FloNo and Honeybee ready for a day of fermentation.

In other fermenty news, Five Points Fermentation is developing a soy-free tempeh made entirely from local Colorado garbanzo beans.

Stay probiotic



FloNo hasn’t cut her hair in about a year and a half. Though she looks bangin with her current ‘do, she has found that there is an inversely proportional relationship between hair length and lady lovin’. Luckily, she has an appointment with Andrea the Vegan Hairstylist at Rebel Salon to remedy this most egregious situation. She is still trying to decide which Alternative Lifestyle Haircut (ALH) she should get because the possibilities are endless! 

Maybe this one? 

You’re welcome. 

It’s odd how hair can affect the way we’re viewed in the world. FloNo’s ALH will, for better or for worse, help her read as queer, but should that necessarily be the case? Some ladies who like ladies, like Honeybee, prefer their long luscious locks and don’t necessarily believe that cutting one’s hair should be a stage in the coming-out process. In an ideal world, people would choose a particular hairstyle because they liked the way it looked, not because they deemed it necessary to attract the attention of other queers. People would flirt with/ask out the people they were attracted to, and be politely declined if the attraction wasn’t mutual. Unfortunately, that doesn’t happen right now because being mistakenly identified as gay is often seen in a very negative light. Even self-identified allies can have subconscious, internalized homophobia. So we try and ID other queermos surreptitiously by means of outward cues, like clothing, conversation topics, and hairstyle to avoid potential conflict. While this does contribute to invisibility, it does keep us safe. So, for now, we may be left to “read the clues,” but we’ll fight the good fight for equality, understanding, and inclusion so this no longer has to occur.

Whip your hair back and forth, 



HILARIOUS. We are doing all of these things RIGHT NOW.


ulatLGBTQ* Comedy and Sketch Programs

Lesbian Sex Hotline - The Big Gay Sketch Show

Source: theslowpokewell

FloNo and Honeybee are both out of town. FloNo is attending her alma mater’s homecoming and Honeybee is livin’ it up with Charby and the Senator in Utah. 


Stay intrepid, 



Aside from being another glorious day of Vegan MoFo, it is also National Coming Out Day today. As you may know, gentle reader, FloNo and Honeybee are big ol’ queermos. But before we get into gay stuff, let’s talk about being vegan.

Before FloNo revealed herself as vegan to her family, she called herself vegetarian even though that’s not what she really felt. She didn’t eat eggs or dairy and had no intention of wearing murder. She did tell them eventually, and it ended up being not that bad. Sometimes that happens. Sometimes it doesn’t. But you can’t eat a lie, just as you can’t get your hopes up by expecting Portia de Rossi to appear on your couch with kale mints after telling people you are a QVperson. VegNews has a great article about people who are involved in both queer and vegan activism, making some connections but noting the differences between these two identities. 

In terms of coming out as LGBTQIAA, however you do it is fine, in person, over the phone, in the car, text message, or Google Chat.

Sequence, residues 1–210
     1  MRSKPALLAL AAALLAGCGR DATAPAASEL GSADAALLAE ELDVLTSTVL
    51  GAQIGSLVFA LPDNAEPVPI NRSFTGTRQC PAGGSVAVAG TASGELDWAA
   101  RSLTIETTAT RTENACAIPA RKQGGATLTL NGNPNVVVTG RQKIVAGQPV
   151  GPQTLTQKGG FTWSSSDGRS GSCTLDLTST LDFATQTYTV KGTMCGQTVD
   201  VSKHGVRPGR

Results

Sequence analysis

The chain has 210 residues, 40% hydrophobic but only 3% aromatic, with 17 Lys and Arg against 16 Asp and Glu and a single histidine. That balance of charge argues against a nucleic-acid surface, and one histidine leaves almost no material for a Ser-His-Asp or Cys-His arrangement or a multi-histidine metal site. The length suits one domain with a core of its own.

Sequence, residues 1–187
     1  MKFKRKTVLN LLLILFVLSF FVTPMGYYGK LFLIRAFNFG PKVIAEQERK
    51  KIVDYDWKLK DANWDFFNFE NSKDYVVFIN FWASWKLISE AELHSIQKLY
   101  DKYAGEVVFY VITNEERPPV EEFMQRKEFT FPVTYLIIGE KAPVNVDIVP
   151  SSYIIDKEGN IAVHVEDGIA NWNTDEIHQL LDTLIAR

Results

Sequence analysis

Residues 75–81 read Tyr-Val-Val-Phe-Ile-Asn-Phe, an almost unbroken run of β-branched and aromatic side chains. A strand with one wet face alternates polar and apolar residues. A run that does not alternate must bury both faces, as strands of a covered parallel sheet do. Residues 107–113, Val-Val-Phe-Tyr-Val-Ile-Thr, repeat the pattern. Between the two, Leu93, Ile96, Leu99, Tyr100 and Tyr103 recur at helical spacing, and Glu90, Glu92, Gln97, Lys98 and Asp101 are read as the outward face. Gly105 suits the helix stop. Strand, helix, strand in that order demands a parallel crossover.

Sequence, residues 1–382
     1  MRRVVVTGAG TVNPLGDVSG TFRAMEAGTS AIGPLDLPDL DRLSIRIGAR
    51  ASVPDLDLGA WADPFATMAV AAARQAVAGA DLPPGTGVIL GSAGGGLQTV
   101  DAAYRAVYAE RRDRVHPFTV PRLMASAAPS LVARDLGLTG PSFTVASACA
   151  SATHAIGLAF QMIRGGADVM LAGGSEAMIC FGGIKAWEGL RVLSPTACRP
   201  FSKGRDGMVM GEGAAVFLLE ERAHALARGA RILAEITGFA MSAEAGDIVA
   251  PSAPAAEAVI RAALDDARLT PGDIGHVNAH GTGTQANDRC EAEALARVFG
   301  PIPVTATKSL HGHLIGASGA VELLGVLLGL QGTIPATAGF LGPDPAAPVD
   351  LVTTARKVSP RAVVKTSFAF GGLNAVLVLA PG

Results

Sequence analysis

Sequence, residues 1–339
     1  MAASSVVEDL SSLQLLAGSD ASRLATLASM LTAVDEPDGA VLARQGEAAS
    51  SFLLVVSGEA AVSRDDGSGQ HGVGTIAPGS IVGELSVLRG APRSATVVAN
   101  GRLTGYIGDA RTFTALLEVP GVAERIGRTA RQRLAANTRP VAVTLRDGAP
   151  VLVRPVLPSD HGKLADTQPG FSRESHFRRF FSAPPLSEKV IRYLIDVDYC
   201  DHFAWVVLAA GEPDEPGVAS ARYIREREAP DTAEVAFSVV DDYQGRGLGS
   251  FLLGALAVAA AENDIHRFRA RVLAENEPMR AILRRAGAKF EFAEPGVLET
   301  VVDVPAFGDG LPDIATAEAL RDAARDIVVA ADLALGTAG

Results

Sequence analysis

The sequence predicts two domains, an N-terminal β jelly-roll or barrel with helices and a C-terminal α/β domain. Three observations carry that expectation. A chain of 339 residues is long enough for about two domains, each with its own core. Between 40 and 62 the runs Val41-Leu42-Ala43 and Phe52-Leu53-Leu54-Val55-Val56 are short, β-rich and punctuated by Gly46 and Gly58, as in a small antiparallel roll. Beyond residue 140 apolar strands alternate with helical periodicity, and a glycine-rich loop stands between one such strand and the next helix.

Honeybee: true
8:20 AM    oh, I’m a lesbian
                 so there’s that
                 Straight friend: well that’s news.
                 Honeybee: it is

Thank you 21st century. And caring friend. 

So do it if you can and it’s safe; if not, that’s okay, too. We love you regardless. We were born this gay. Honeybee was mackin’ on the ladiez at six. FloNo waited til 4th grade. 

She was a late bloomer. 

At any rate, we’re generally out and happy. See you next NCOD (or tomorrow, whichever happens first).

Stay honest, 



Vegan grub often seeks to imitate the omninosh by way of super-processed faux-meat burgers, hot dogs, sausages, cheese, and ice cream. Sure, some of those processed foods can be helpful during the transition process, but after one’s been eating vegan for a while, the meaty cheesy eggy mess just doesn’t appeal anymore. We have developed a penchant for recognizable plant foods because we are herbivorous. Real plants taste better. Fact. Plus, veggie dogs are rather phallic, which we QVLOCs tend to find problematic

Lies, ketchupy ketchupy lies. 

But there is a more practical reason for not eating meat lookalikes. Recently, Momma FloNo went to the omnivorous restaurant where she ordered Gardein unfried chicken. This is a vegan dish, but the kitchen messed up. Momma FloNo  ate couple bites before realizing her order was incorrect and she was in fact served animal chicken. Of course, the chef was very apologetic, offering free dessert and a gift card to goad them back, but that was beside the point. For vegans, our choice to not consume animals goes further than not putting animal flesh into our mouths. We are trying to reduce total meat consumption overall, and a restaurant serving a vegan guest meat by accident, even if they fix it later, interferes with that mission because there is flesh on their plate. 

Some newer meat analog companies are apparently so convincing that they fool even the most stalwart omnivores. It’s enough to freak a QVLOC out. We are suspicious ladygays, us QVLOCs, and sometimes the only way to make sure that real meat isn’t masquerading as fake meat is to stick to grains, not brains

Stay herbivorous,